How is Culture Defined through Storytelling?
Storytelling is the act of employing language as well as gestures in colorful manner to create scenes [usually] in a correct order. In addition, storytelling is the compelling technique of sharing experiences to make logic of humanity at any opportune moment. On a daily basis, communication involves speaking, listening as well as acting in response to stories told by others. Storytelling has always been in existence throughout history. Through storytelling, one can define different cultures in numerous ways (Celi & Boiero 58).
The eventual shaping of human behavior is to be found in the stories we are told from infancy, childhood through adulthood and even old age. This implies that a child is born into a culture in which stories begin to develop his or her sense of self, their sense of life, the world and society. In other words, culture can be said to be stories and messages that constitute images that eventually influence our conception of both life and our behavior. When all these kinds of stories are neatly woven together into a rather invisible, they constitute culture of an individual and society.
In the past, stories used to be told through paintings on walls. Through these wall paints, a person could relate to the societal culture, ideas, and beliefs more effectively than any other ways. Nowadays, storytelling is more advanced, as it is more digitalized and less verbal [face to face]. The current culture in 21st century can be defined as a technological (digital) culture. In this modern culture, established in technology, storytelling in a digital form has the potential of becoming an incredibly effective tool in the various sectors such as education, entertainment, and journalism (Bruchac 23). The introduction of the printing press revolutionized the way society told its stories and defined its culture. The printing press brought about the industrialization of storytelling. However, the electronic revolution (especially television) has had the most significant impact on storytelling and culture. Today, children are born into a cultural environment where television runs more than seven hours per day, averagely. As such, most values and stories are communicated to children through television and not by their parents, teachers, or religious leaders. Television has thus brought about major transformation not only in the way the stories are told, but also in the manner that people socialized and increasingly identify themselves.
In verbal cultures, storytelling remains and preserves its traditions. It takes a listener on a journey of people’s lives, a mutual survival theme in indigenous rituals and ceremonies (Celi & Boiero 66). Those from the older generations pass on the stories which they were told as they grew up by previous generations. Consequently, storytelling connects the new generation with the past generations. This serves as a technique against disappearance of a culture. Consequently, the stories told can continue to portray the culture and cultural practices of such societies. For instance, storytelling in the Native American culture has revealed passion for entertainment. (Harjo & Leen 45).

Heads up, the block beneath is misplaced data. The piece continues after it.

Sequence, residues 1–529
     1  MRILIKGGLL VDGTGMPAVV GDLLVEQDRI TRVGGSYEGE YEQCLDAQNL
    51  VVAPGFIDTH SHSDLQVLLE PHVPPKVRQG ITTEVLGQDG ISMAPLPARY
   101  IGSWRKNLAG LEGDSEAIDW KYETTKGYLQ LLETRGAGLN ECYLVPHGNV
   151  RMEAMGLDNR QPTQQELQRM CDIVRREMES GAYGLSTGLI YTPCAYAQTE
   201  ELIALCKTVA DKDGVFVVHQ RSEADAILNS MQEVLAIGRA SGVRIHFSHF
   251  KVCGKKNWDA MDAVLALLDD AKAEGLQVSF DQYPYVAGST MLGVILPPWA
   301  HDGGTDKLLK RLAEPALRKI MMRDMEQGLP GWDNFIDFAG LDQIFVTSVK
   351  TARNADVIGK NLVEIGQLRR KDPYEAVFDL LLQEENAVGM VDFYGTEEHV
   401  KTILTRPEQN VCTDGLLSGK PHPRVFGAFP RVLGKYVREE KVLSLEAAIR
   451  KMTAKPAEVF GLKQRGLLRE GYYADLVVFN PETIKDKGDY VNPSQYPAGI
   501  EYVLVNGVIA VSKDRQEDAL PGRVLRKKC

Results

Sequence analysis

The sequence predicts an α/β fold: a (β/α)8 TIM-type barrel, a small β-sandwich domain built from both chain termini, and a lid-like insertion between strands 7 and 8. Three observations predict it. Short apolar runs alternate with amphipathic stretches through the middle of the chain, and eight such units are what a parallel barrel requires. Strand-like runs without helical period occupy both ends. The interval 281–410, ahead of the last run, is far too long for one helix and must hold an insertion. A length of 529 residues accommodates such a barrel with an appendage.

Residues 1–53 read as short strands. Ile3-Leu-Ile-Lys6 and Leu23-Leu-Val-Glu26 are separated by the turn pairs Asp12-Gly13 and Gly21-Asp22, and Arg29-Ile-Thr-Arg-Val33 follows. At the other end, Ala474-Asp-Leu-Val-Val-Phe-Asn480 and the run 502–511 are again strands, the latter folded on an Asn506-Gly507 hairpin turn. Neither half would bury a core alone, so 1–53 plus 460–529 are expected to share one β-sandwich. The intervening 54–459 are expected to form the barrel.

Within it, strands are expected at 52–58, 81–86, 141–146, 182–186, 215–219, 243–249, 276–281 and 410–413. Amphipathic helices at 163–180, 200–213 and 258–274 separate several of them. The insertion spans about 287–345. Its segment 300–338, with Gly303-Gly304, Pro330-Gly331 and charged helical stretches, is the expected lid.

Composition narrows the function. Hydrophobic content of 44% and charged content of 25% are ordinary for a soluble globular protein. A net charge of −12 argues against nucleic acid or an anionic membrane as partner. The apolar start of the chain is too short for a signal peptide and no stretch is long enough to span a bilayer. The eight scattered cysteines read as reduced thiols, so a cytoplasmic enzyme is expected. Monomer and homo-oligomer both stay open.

The history in the American culture, in traditional objective, has become a narrative model for news writing. In journalism, there are rules and guidelines that perform the role of informing and not connecting the senses of the reader. In their line of duty, journalists are not required to show any emotions. News casting is another form of storytelling. Through this, the culture of journalism is defined as a non-emotional one. News is also meant to bring sensation. “That is another form of culture displayed in journalism illustrated by storytelling.” (Bird and Dardenne 56).
In 1977, Marmon Silko published a novel titled ''Ceremony'' that signified the introduction of a new literature form by ethnic writers. Stories have never been declining items from a part of an ethnic culture but a breathing, active, continuously growing technique. These ethnic authors write narratives that define their culture. In the various wars, many people are said to have perished. However, there are those who survived the battle just to tell the story of events that occurred during those wars. Through one of the veteran’s story, it becomes clear that people were not living in harmony with their neighbors and had various confrontations. By the use of a narrative like this, the history and the culture of the society can be defined. (Cuter 6)
The act of storytelling is closely related to history making. Most historical facts are always narrated in stories. As mentioned earlier, storytelling provides an incredibly essential tool in defining the culture of a society. A number of narratives focus on individual societies and their cultural practices. Through such narratives, one can clearly define the customs of the involved society, for instance, the culture of journalism was defined by reading about journalism.
In conclusion, storytelling affords people an ocean of opportunities to develop culturally defined identities as well as themes either through self-presentation and alter-casting. Through storytelling, individuals and groups are able to clarify their own perspectives and values.